This is for the Tuesday dVerse prompt “naming the rose“, and the challenge is to write a poem titled or using the name of a rose from the list provided. The rose I chose was boule de neige, which means “ball of snow”. It reminded me of a poem I wrote a few years ago when we had a sudden flurry of snow in spring, and I took a cupful of it to work with me for a friend. When I got to work my car still had snow on the roof (because my damn heater didn’t work), and the car I parked next to had blossom petals all over it. My cupful of snow melted in my office before I could pass it on, so I drank it. I’m cheating a bit and posting an edited version of that poem today, as I haven’t posted it before. 

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a stutter in the seasons

Summer refuses to depart,
though the sun’s daily arc
now starts well north of east
and ends far short west.
Reluctant to leave,
though the lights are dimmed
she drags out another encore.

And this hesitation confuses:
only half-way to winter
but beneath the soil
barely-rested bulbs
raise their new green spires
like a scattering of uncertain applause
through last season’s still green foliage.

This succession of Indian summers, in which
any colder day seems a transient glitch, is
a stutter in the seasons –
so summer plays again and again.

But the sun cannot be fooled –
he rises and inscribes
an autumnal arc across the sky.

 

Some years ago a friend visiting from Sydney asked “do you get many sunsets here?”, to which I gave the obvious answer “yes, every day”. But I guess they’re more noticeable here – the kitchen window faces west, towards a long ridge, and he was looking out that window at the sunset when he asked. The point along the ridge where the sun sinks changes with the seasons, like a sundial calendar.  So even though it feels like summer at the moment, the point where the sun is going down is well to the north now of where the summer sun sinks. In the southern hemisphere the sun heads north for the winter, not south.  🙂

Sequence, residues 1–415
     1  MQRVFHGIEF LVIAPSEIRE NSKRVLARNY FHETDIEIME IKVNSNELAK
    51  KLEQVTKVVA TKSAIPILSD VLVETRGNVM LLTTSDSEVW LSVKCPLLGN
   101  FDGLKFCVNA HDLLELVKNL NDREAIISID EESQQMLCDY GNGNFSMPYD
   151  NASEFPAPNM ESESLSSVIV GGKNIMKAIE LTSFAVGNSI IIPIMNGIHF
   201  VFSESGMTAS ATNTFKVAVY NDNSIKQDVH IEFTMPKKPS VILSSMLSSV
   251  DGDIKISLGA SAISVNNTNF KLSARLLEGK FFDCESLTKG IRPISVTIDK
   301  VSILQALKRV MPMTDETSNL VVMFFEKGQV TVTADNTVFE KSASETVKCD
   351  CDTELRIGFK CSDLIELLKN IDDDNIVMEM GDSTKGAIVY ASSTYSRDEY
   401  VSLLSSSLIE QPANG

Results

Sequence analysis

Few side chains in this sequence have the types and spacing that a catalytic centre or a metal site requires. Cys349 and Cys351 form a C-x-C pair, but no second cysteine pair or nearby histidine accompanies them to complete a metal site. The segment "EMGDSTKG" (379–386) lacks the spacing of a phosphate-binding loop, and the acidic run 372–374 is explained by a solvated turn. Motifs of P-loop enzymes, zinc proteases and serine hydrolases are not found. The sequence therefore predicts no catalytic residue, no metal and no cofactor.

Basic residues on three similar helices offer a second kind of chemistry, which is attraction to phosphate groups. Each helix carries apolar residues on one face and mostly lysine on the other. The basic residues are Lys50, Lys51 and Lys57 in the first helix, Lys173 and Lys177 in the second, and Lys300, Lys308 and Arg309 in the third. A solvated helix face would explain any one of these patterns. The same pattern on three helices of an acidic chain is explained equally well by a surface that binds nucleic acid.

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mum’s hairdressing salon II

It was 30C and humid here today – and try as I might I couldn’t channel coldness for Frank’s dVerse Haibun Monday prompt, “winter“. Maybe if we had air-conditioning I could have done better. 

 

She carries spring in her step, so what need could she have for its green in her hair? What need, when her hair is yellow-brown as a summer wheat field, and her skin stores the sun and the boundless, cloudless sky is in her eyes?

I offer pink, mauve, blue (roses and lilacs, summer blooms under clear skies).

But no, it has to be green. So, I take the small bottles from my own (winter defying, winter denying?) palette: apple green, electric lime, sweet mint. I twine the colours (tendrils, vines) through the summer of her hair. And in the end it is not so much like spring come to awaken winter fields (as I want to believe it is in my hair), as like rain-wakened ground after the drought ends. As she waits, I do my own.

 

The snow in my hair

will not melt away in spring.

But it holds apples.

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waiting for Persephone

For the dVerse Tuesday poetics prompt “Persephone“: 

The birds know she is coming.
They are staking out their territory,
marking the boundaries with song.
The sheep know is she coming Continue reading

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August

For the dVerse Monday Haibun prompt, “August“:

August is a time of uncertainty, of transition – of winter greys and browns being suddenly speckled with green and yellow as the daffodils in my garden and the wattles in the bush bloom.
One day I wake to find the birdbath frozen over, and huddle in my coat, woolly beanie pulled low as I rush to do my outdoor chores. The next day the sun warms my back so much I shed layers down to a t-shirt – fooling me into forgetting my woolly beanie the next day so my ears freeze.
One day the air carries the sweet dusty scent of the wattles, the next it is so icy all I can smell is the sharp metallic scent of cold, that reddens the nose and makes it run. And then, suddenly, a hint of spring drifts through again.

A tendril of warmthwattle
curls through the air, carrying
scent of earth and growth.